Duquan (Jermaine Crawford) is shy and dorky, but he's loyal to anyone who'll give him a moment's notice, since his home is a revolving door of drugs and desperation that leaves him unwashed, unfed and lonely. Former cop turned teacher Roland Pryzbylewski (Jim True-Frost) notices Duquan's sorry state and arranges for him to shower at the school, plus he hangs out with him each day during lunchtime. In the middle of the school year, though, the school decides to send Duquan to join kids his age in the ninth grade, even though he's not performing with them academically. Pryzbylewski tells the administrators that Duquan will get eaten alive if he's sent to the other school, but the school simply doesn't have the space to accommodate him or other students his age regardless of their proficiency levels. Even worse, the school principal lectures Pryzbylewski for being too involved in Duquan's life, so when Pryzbylewski finds the boy lingering around his old school, he hesitates to offer his help, even though he can see that his former student is rudderless and desperate. Making a concerted effort to be somewhat remote, Pryzbylewski tells the kid he can stop by anytime, but we can see from the boy's face that this isn't enough. Soon after, Pryzbylewski spots Duquan, after years of avoiding the corner, selling drugs with Marlo's crew.

When we meet Namond (Julito McCullum) he already has a swagger in his step. His mother wants him to get a package and start dealing full time like his father, Wee-Bey (Hassan Johnson), an imprisoned member of Barksdale's crew. But despite his outward boasting, Namond is shaken by Michael's sudden brutality, and he quickly shows that he can't stomach street life. Seeing that the kid clearly wants an exit from this path, Howard "Bunny" Colvin (Robert Wisdom), a former free thinker in the police department who was forced to leave after his experimental reforms were called into question, approaches the boy's father in prison and convinces him that the kid has the potential to succeed at more than a dealer's life. In the last scene, we see that Namond is living with Colvin and his wife; he's one boy who was essentially rescued from a doomed existence on the street.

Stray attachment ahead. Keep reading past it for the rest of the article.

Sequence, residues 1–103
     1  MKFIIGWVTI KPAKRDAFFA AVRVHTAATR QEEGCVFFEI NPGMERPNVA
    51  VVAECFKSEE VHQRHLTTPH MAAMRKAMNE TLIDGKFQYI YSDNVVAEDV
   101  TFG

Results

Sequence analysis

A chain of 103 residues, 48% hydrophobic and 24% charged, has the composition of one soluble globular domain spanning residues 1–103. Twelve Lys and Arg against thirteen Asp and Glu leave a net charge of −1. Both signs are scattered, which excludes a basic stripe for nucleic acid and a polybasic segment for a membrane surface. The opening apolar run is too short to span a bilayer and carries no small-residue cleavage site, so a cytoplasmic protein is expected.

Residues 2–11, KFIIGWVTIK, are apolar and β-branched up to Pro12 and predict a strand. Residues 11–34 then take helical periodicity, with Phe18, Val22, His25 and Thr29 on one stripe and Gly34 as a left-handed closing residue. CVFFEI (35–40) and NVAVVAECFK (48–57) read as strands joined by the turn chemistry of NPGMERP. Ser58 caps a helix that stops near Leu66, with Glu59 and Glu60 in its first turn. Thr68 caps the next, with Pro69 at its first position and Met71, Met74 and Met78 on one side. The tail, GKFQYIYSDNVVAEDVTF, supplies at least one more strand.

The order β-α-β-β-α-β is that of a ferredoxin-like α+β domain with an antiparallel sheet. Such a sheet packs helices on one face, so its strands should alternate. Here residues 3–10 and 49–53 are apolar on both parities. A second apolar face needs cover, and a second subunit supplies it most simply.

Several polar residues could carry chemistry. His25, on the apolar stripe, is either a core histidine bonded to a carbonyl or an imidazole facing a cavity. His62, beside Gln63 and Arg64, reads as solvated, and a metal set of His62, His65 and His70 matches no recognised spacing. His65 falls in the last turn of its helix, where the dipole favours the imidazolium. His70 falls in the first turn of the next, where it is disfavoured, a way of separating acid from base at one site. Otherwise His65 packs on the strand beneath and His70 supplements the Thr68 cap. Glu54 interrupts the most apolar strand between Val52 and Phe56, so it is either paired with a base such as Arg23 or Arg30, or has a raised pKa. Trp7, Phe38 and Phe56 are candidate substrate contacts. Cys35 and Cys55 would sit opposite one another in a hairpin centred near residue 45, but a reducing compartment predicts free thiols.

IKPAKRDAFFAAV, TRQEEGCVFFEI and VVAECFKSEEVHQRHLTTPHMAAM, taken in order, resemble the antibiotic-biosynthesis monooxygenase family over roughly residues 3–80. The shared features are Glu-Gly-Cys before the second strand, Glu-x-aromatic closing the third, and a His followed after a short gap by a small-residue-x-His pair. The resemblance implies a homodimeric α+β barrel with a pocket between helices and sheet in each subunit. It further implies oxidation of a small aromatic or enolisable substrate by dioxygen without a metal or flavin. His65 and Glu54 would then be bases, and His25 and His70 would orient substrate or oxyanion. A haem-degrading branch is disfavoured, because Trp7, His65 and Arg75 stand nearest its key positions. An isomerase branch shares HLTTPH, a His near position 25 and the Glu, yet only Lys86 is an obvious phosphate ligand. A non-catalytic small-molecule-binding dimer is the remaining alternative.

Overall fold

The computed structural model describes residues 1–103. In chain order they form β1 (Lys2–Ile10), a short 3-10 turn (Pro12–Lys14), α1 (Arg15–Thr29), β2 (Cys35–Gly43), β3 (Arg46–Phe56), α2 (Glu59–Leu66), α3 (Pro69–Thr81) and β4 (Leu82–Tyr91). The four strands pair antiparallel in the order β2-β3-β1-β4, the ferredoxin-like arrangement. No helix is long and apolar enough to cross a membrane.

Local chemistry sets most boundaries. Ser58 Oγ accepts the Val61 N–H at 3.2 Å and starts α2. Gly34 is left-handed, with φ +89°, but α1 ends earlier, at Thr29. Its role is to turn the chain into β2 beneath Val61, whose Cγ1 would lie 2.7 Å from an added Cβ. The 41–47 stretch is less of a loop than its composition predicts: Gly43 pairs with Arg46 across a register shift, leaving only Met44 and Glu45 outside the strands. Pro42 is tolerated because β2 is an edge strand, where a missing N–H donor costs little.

Although Namond's story provides a small ray of light on an otherwise dark landscape, what's most memorable about Simon's exploration of education in American cities is how the efforts of so many well-meaning individuals to help these kids could fail so miserably. As Simon told Reason magazine, "The Wire" is cynical about institutions, but not about human beings. In Simon's dystopian picture, the institutional culpability is crystal clear: We find schools that don't keep kids off the streets or even educate them; police departments that don't investigate messy drug crimes, don't make neighborhoods safer and serve the politicians more than the people; and politicians who, rather than effecting real change, sway helplessly in the winds of monetary and political manipulations. We're shown how the whole system is hopelessly corrupt, polluted by years of mediocrity, neglect and political opportunism. We witness how even the most well-meaning individuals eventually become corrupted by the system as well; after years of fighting the good fight, they become too cynical, self-preserving or just plain weary to stick their necks out and struggle against the status quo.

This is the beauty of Simon's vision: He forces us to put ourselves in the shoes of these often disappointing characters, to experience the impossible challenges presented by their circumstances. While most TV shows are populated by demonic criminals up against idealistic hero-cops, or earnest, good-hearted teachers willing to sacrifice anything and everything for every one of their young charges, "The Wire" introduces us to a complex community of human beings, each fallible in his or her own way. Or, as Simon told Salon in 2002, "Good and evil at this point bores the shit out of me."